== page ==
SPEAKING in front of the U.N. general assembly, 26 September 2012, U.S President Barack Obama called on world leaders to confront the forces of intolerance and extremism within their own countries and permit more freedom at home. The blatant deception in these remarks is so startling that when I heard it on the radio in my car; I had to dig out my sunglasses to avoid causing an accident.
Over the past two weeks U.S. embassies, predominantly in the Arab world, have been bombed or attacked in a somewhat knee-jerk reaction to the airing of a U.S. produced anti-Islamic film. Obama’s statement is a clear condemnation of the acts committed by terrorists who often obliterate the lives of the innocent in religious defiance of anything that is seen as a threat or menace to the Islamic world.
Condemnation rightfully so, yet there is something quite contradictory in the utterances by the leader of the “free world.” As the saying goes “all’s fair in love and war,” yet little over the better part of a decade has been fair in this much loved game of war.
Terrorism, especially in its 21st century U.S portrayal, takes the shape of fundamental extremism. As Communism ground to a halt, the American economy required a new source of capital flow. War, real or perceived, is vital for its economy to stay afloat.
Exceptional examples of American prosperity under war are littered throughout the annuals of time; none more so than U.S. involvement in the second world war. However, events that took place during the presidency of Ronald Reagan set the wheels in motion for the political trend that is evident today. During his tenure in office, Latin American countries became the new “promised land” for a large number of American based transnational companies. Nicaragua, Guatemala and El Salvador at one point or another fell prey to the neoliberal doctrine practised so vociferously in the best interests of American prosperity. In the name of democracy, global peace and poverty alleviation the U.S. unleashed a terror similar to that of the Spanish conquistadors. Instead of blankets covered in smallpox, they received democracy in return for exploitation. So called evil empires, run by dictators that did not have the best interests of its nations population at heart needed to be removed.
When, in 2003, George W. Bush invaded Iraq and Afghanistan, the intentions were not so clear. The logic behind the story goes, dislodge a disingenuous, tyrannical and populist movement and liberate the masses under the sacred banner of democracy. The actual intentions were three fold. One: money follows blood. The longer and more violent a war, the more arms manufacturers stand to benefit as does the economy. Two: oil. With vast, oil rich resources, anyone with the ability to manipulate Iraq’s oil supply – especially in an era when non renewable energy resources are on the decline – essentially develops or reaffirms global hegemony. Third and finally: an enlarged Middle Eastern sphere of influence. With Israel as it’s only ally in the region the U.S. has managed to distance Iranian influence from an increasingly nuclear Pakistan by strategically placing itself in Iraq. It also shields Israel from threatening, but often not unprovoked hostilities from Iran.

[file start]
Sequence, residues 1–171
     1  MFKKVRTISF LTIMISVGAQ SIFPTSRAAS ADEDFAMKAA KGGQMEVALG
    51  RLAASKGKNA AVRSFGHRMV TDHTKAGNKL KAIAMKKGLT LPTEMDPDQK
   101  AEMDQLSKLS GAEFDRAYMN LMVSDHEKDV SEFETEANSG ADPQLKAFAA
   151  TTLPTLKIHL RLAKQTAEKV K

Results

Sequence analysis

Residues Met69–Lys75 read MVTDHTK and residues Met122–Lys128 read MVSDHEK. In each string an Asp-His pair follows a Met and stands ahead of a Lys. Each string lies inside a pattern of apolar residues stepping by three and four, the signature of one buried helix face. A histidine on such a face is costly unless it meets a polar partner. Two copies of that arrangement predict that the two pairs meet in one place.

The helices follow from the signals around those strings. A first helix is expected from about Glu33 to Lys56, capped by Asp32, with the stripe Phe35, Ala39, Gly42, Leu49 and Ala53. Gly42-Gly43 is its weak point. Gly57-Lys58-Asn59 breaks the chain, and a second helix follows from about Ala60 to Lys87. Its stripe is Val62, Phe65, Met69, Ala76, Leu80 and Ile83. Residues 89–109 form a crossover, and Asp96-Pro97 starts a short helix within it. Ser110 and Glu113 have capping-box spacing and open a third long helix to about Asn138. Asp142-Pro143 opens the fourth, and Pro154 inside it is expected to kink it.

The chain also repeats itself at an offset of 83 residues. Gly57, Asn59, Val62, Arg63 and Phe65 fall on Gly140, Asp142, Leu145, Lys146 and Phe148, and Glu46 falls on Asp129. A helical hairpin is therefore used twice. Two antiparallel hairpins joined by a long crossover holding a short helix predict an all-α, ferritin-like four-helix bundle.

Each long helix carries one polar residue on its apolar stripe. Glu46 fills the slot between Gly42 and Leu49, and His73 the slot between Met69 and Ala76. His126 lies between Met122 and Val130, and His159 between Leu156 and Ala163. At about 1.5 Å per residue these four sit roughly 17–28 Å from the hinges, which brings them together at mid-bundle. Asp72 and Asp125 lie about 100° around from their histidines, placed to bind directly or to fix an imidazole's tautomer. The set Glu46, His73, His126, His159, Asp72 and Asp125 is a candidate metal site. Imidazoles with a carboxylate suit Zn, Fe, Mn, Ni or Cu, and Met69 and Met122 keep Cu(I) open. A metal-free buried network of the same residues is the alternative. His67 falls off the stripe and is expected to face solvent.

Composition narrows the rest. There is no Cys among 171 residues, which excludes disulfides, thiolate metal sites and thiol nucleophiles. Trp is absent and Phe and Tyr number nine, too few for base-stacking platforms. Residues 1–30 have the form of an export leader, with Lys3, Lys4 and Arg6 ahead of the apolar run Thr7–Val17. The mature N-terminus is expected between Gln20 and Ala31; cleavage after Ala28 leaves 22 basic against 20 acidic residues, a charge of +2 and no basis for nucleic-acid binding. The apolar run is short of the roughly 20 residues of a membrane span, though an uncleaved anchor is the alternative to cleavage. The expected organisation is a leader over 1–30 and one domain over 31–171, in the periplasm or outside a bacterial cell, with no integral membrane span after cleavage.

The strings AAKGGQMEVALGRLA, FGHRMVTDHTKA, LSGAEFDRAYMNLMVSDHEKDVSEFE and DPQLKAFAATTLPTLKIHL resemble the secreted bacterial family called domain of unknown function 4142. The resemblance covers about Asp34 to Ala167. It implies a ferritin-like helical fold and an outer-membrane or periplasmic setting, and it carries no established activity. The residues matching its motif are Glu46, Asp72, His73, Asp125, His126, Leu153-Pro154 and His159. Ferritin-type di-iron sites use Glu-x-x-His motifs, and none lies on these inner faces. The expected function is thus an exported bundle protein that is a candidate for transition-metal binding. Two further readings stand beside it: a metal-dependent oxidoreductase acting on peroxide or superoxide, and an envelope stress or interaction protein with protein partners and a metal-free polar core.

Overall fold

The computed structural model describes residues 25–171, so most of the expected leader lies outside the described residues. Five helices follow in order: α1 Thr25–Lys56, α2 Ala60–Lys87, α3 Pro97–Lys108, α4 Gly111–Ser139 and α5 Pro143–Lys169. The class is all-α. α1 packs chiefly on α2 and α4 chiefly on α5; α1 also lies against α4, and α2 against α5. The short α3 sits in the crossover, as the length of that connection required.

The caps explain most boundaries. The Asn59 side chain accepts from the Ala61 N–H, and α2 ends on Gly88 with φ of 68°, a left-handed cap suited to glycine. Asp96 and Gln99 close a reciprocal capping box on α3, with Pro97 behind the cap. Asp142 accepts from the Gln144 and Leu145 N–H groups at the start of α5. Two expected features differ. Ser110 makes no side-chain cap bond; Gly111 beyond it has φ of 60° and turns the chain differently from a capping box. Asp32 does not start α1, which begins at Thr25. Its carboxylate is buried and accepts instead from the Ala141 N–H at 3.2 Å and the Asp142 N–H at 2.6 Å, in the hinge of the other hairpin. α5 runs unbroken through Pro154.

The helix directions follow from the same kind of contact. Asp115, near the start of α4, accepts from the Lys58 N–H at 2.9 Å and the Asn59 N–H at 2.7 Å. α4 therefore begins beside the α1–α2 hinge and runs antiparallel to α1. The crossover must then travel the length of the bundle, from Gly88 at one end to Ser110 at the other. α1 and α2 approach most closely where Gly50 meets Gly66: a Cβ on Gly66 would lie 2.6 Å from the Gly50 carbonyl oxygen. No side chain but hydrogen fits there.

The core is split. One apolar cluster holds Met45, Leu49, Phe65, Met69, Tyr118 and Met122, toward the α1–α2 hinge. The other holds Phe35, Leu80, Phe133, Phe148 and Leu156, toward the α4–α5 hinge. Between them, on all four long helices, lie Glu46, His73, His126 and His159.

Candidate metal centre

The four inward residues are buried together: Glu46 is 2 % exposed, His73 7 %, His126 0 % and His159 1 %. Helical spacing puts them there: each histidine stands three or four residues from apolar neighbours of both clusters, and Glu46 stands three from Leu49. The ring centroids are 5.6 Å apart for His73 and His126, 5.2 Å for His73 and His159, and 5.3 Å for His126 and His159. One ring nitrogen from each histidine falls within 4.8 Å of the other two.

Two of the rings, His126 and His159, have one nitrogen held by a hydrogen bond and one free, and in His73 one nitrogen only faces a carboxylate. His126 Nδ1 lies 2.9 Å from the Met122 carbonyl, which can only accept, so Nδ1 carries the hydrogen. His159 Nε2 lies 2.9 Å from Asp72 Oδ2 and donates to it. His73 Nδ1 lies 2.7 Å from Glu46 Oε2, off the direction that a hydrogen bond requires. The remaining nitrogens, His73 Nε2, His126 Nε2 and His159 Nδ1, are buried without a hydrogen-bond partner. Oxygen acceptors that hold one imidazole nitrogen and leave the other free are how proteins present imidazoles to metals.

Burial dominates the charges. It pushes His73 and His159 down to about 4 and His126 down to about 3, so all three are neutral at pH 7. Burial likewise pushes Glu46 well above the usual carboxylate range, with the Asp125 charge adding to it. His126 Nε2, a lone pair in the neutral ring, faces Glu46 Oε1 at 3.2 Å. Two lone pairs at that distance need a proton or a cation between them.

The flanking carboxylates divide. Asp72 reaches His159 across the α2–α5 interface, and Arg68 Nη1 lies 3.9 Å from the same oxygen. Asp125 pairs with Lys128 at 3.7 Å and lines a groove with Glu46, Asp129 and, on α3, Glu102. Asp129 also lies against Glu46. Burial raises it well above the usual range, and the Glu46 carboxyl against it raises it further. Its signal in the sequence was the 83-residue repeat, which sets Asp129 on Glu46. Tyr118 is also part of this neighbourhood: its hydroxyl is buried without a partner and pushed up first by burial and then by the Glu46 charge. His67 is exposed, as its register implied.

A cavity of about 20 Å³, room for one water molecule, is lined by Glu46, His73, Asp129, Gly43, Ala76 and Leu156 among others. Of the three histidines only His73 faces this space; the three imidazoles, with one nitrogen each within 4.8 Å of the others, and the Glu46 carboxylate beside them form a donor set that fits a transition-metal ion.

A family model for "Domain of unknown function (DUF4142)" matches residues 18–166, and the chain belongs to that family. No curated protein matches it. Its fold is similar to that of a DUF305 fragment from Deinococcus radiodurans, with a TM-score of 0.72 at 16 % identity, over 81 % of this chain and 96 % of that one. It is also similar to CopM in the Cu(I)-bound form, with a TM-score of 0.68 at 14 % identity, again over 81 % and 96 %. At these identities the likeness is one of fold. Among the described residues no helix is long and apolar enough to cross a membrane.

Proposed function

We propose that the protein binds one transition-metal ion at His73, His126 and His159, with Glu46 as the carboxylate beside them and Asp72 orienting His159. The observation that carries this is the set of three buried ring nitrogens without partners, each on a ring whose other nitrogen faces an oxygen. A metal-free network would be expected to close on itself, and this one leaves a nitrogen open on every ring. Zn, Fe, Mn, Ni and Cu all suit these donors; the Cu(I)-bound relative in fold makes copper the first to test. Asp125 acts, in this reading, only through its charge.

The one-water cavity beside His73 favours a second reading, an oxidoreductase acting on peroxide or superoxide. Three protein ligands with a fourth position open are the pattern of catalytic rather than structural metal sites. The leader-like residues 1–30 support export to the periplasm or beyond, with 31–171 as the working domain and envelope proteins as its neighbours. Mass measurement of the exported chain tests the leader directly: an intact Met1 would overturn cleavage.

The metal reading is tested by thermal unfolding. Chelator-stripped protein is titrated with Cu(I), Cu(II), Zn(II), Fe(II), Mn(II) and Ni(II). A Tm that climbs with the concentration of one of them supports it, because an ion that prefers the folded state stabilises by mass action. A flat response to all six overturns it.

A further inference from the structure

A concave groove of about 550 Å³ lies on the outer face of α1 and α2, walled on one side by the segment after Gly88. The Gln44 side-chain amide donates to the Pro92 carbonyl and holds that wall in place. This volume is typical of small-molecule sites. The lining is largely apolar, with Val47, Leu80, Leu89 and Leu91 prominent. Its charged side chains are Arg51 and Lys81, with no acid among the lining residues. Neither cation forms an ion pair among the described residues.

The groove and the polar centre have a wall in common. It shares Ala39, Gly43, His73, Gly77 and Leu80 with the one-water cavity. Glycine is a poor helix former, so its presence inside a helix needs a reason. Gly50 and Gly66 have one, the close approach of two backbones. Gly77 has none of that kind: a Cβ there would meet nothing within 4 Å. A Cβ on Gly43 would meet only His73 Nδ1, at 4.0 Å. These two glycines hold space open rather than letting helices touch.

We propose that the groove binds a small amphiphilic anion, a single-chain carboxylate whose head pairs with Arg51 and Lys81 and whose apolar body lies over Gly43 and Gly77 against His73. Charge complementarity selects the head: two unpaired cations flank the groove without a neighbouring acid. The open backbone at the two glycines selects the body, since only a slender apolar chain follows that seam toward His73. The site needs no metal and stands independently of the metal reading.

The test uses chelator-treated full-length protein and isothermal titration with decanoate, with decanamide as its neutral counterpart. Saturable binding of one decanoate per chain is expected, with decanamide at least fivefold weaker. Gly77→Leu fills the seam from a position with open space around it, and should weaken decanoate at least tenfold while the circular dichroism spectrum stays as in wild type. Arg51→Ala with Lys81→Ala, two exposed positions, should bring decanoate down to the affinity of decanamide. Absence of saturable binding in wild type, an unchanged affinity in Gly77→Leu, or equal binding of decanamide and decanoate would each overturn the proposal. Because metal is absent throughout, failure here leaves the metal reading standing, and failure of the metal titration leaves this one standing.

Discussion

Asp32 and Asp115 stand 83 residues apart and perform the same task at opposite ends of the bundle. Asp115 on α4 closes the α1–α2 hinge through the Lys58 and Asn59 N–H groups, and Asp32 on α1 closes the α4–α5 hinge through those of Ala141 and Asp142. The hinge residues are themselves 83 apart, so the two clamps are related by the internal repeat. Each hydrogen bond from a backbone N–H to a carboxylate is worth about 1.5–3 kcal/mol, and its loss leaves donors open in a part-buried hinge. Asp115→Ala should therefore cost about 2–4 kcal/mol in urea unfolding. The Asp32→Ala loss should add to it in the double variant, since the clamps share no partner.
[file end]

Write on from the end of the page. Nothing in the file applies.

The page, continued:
When Barack Obama was sworn in as the 44th American president back in 2008, he did so off the back of an election campaign promising change. His perestroika of change went along the lines of promising to forbid companies in bankruptcy from giving executives bonuses, to enact windfall profits tax for oil companies, and, in consultation with the Iraqi government, to end the war safely and responsibly within 16 months of taking office, among a multitude of other promises. None of these so called promises of change have been enacted. In fact, since taking office, Obama picked up the baton where his republican predecessor George W. Bush left off. To quote from his address to the U.N, it makes sense that he has spent more money on the war in Iraq than Bush.
“Make no mistake: A nuclear-armed Iran is not a challenge that can be contained, it would threaten the elimination of Israel, the security of Gulf nations and the stability of the global economy.”
When the U.S. invades nations under the guise of liberators, it is akin to the kind of atrocities committed by extremist Islamic sects, only the implications of such acts are more clandestine in nature. The 9/11 attacks claimed the lives of nearly 3000 people. The war in Iraq has claimed the lives of some 114 732 people, with this number still rising.
“People need to confront the forces of intolerance and extremism within their own countries and permit more freedom at home.”
If the U.S. was serious about this claim, it would be more tolerant of nations that do not, by general consensus, wish to live under U.S. imposed democracy. Some nations do not want to adopt free-market economic principles. These are not wrong choices, yet they differ from those that are championed by the “liberators” of the world and must therefore be tyrannical, despotic and deplorable.
For real change, change that the world can believe in, Obama should – by way of introspection, take his message to heart. As dangerous as a person with C4 explosives strapped to their body may be, so too is a nation famous for its veiled neo-colonial ambitions. Terrorism by another name is still as dangerous. Come willingly or there will be hell to pay!
Warren Gwilt is an independent political analyst and social activist based in Johannesburg. He has a BA Journalism degree from the University of Johannesburg.